I come not to bury Warren Buffett but to praise him.In the last week or so, two other financial pundits, Jon Markman on
Berkshire as Cash MachineBut one of the advantages of holding a stock for a while -- and I've owned Berkshire Hathaway in my personal portfolio since June 2003 -- is that you come to appreciate qualities that escaped you on first acquaintance. In this case, owning Berkshire Hathaway has given me a deep appreciation for exactly what an amazing cash-flow machine an insurance company can be. Insurance companies take in money in premiums from customers long before they have to pay it out in claims. They invest this float in stocks, bonds, real estate, pieces of other companies or whole companies and reap the returns until this money has to be paid out to customers who file claims. Thus an insurance company has two ways to make money: First, there's underwriting profit if the company succeeds in writing policies at a high enough premium that, when claims on those policies are paid out, there's something left over. (The industry uses something called the combined ratio as a measure of this underwriting profit. A combined ratio of 90%, for example, means that the company has paid out in claims just 90% of what it collected in premiums. It has earned 10 cents in profit on every dollar of premium collected.) Second, there's investment income. The company invests the float in some mixture of assets, looking for the highest return commensurate with the need to avoid losses that would endanger the company's ability to pay out claims. The insurance company also wants to build up its financial strength, as assessed by agencies, such as A.M. Best, that rate insurance companies. Many customers buy insurance on the basis of a company's financial strength.
Stormy Weather for ReinsurersFrom that point of view, 2005 was something of a test for Berkshire Hathaway. The company's General Re and National Indemnity reinsurance units took a huge hit from the combination of hurricanes Katrina, Rita and Wilma, losing $3.4 billion from the storms. Reinsurers buy risk by, in effect, insuring the ability of other insurance companies to pay claims in case of a catastrophic event. But thanks to Berkshire Hathaway's low-cost auto-insurance business, Geico, the company's insurance business as a whole showed a slim underwriting profit for the year of $53 million. That underwriting profit meant that in 2005, again, Berkshire Hathaway didn't pay a cent to use the capital that makes up its float. And since Berkshire Hathaway's float amounts to some $49 billion, that's a huge cost advantage in the investment business. While banks have to pay interest to depositors, and hedge funds have to share profits with their investors, Berkshire Hathaway can invest a no-cost $49 billion.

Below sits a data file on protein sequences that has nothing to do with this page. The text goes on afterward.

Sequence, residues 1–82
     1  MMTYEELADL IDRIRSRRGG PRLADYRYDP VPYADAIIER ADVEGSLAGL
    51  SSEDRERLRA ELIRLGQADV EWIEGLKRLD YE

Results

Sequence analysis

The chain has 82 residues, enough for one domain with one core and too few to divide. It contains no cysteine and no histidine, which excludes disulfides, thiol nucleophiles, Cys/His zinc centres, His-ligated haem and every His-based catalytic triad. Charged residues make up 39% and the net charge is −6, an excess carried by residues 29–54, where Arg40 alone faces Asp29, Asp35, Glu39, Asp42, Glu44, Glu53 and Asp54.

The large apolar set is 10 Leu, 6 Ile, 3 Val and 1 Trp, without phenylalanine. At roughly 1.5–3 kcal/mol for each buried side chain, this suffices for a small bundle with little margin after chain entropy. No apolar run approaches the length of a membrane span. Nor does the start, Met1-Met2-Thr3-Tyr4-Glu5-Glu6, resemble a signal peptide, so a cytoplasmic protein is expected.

Battening Down, Raising PremiumsNeither Warren Buffett nor anyone else can predict how the 2006 hurricane season will shape up, though some readers have written me noting that water temperatures in the Gulf of Mexico are already higher than normal for this time of year, which is often a sign of a strong hurricane season to come. But after a disaster, a prudent insurance company always raises premiums and may indeed cut back on the risks it takes. And that, Buffett says, is exactly how General Re is approaching 2006.
It's an open question whether atmospheric, oceanic or other causal factors have dramatically changed the frequency or intensity of hurricanes. Recent experience is worrisome. We know, for instance, that in the 100 years before 2004, about 59 hurricanes of Category 3 strength, or greater, hit the Southeastern and Gulf Coast states, and that only three of these were Category 5s. We further know that in 2004 there were three Category 3 storms that hammered those areas and that these were followed by four more in 2005, one of them, Katrina, the most destructive hurricane in industry history. Moreover, there were three Category 5s near the coast last year that fortunately weakened before landfall. Was this onslaught of more frequent and more intense storms merely an anomaly? Or was it caused by changes in climate, water temperature or other variables we don't fully understand? And could these factors be developing in a manner that will soon produce disasters dwarfing Katrina?Buffett doesn't claim to have the answers. But he does know what the prudent insurance company should do about the possibility of increased losses: raise premiums. "We've concluded," Buffett reports, "that we should now write policies only at prices far higher than prevailed last year." So even if the 2006 hurricane season is as bad as that of 2005, General Re will have gone into it writing insurance with higher premiums and, probably as a consequence, writing fewer policies. Higher prices and less risk. That's a solid improvement for 2006.